Time Out says
When Maeve (Bojana Novakovic) asks her longtime boyfriend Paul (Josh Lawson) to rape her, it’s fair to say we’re not in Kansas any more – nor Fountain Lakes, nor any other recognisable suburb of Australia’s typically cartoonish comedy landscape. The Little Death may hark back to the Alvin Purple era, when local moviegoers were genuinely keen on sex, but instead of focusing on leering and nudity it’s a comedy for adults exploring the unexpected impact on relationships when partners begin to act upon their unusual fetishes. Think a backyard Buñuel and you’re on the right track.
The kinks range from a henpecked husband (Alan Dukes) who finds the sight of his sleeping wife (Lisa McCune) impossibly erotic (somnophilia), to a woman (the hilarious Kate Box) unexpectedly turned on by her husband’s tears (daryphilia). A self-contained sequence of high farce features a translator for the deaf (Erin James) as the meat in the sandwich of an uncomfortably saucy phone call, while Kym Gyngell’s newcomer to the neighbourhood proffers home-baked biscuits to everyone as a Trojan horse for a different agenda entirely.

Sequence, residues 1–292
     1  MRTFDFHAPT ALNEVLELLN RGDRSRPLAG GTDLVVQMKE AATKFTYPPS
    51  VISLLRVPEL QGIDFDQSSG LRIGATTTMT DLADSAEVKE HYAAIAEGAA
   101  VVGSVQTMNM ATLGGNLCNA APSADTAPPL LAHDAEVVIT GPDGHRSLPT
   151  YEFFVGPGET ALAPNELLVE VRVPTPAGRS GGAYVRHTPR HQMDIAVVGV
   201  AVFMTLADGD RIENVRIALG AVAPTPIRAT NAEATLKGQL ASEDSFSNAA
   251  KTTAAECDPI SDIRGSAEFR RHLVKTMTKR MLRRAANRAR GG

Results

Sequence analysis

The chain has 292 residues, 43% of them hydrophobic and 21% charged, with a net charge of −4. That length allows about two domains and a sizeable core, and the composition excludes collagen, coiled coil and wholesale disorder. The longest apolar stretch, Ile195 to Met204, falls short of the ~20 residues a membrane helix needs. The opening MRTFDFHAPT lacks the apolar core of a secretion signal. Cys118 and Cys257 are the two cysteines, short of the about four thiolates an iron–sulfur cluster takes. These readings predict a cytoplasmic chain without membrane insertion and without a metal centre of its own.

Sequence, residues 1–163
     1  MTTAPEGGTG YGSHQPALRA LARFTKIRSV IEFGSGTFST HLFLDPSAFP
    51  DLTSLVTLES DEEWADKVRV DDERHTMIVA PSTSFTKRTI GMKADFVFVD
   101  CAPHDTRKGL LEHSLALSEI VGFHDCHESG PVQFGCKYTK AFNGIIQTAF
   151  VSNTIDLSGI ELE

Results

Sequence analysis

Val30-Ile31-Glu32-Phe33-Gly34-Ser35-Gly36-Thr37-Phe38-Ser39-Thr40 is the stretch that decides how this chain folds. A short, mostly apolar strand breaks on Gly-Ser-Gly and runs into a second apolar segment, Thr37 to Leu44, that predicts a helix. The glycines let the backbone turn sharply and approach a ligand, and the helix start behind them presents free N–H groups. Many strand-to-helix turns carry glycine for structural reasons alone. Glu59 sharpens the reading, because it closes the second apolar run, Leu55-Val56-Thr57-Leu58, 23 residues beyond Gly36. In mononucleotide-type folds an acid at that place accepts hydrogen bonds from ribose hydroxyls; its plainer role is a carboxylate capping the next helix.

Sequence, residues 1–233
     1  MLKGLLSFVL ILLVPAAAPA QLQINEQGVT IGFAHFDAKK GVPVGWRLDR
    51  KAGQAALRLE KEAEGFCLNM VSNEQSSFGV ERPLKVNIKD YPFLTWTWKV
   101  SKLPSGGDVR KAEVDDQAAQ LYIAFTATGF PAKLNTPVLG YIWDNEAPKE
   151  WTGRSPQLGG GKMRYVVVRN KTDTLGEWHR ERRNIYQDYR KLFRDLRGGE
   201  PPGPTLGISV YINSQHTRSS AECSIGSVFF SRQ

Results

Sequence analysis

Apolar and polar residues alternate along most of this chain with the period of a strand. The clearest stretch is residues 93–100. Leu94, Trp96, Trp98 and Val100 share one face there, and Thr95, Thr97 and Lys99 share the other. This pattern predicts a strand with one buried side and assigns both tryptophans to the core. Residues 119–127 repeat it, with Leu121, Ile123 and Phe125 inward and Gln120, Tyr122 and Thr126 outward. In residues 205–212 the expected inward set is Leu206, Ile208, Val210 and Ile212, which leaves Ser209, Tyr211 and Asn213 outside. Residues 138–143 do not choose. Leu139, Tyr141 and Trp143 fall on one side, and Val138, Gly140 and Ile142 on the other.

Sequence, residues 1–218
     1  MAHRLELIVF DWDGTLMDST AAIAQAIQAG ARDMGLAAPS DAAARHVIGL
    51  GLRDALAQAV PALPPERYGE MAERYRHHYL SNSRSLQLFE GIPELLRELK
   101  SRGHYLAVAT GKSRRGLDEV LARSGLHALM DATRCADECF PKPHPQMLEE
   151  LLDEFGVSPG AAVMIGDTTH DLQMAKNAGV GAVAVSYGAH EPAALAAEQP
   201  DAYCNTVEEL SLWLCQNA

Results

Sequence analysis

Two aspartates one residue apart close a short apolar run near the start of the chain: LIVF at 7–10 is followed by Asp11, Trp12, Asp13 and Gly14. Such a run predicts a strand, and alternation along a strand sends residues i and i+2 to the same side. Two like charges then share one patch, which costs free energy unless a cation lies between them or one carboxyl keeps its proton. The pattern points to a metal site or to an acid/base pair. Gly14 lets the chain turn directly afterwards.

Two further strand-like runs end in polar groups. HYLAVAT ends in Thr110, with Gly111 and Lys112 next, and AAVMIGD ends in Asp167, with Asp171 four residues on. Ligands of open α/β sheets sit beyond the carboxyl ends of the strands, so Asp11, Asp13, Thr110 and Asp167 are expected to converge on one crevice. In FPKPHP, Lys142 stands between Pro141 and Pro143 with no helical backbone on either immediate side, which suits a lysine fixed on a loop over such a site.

Josh Lawson starred in Working Dog’s regrettably slick romcom Any Questions for Ben? and also appeared in Anchorman 2. The 33-year-old Queenslander has written sketches for various local TV shows, and his debut feature deftly weaves together a host of surreal scenarios into a consistently funny and surprising package, as performed by a top-notch cast that includes stage luminaries Kate Mulvany and Damon Herriman. Sex in Australian films often induces an involuntary spasm of discomfort – could we at last be developing a genuine taste for it?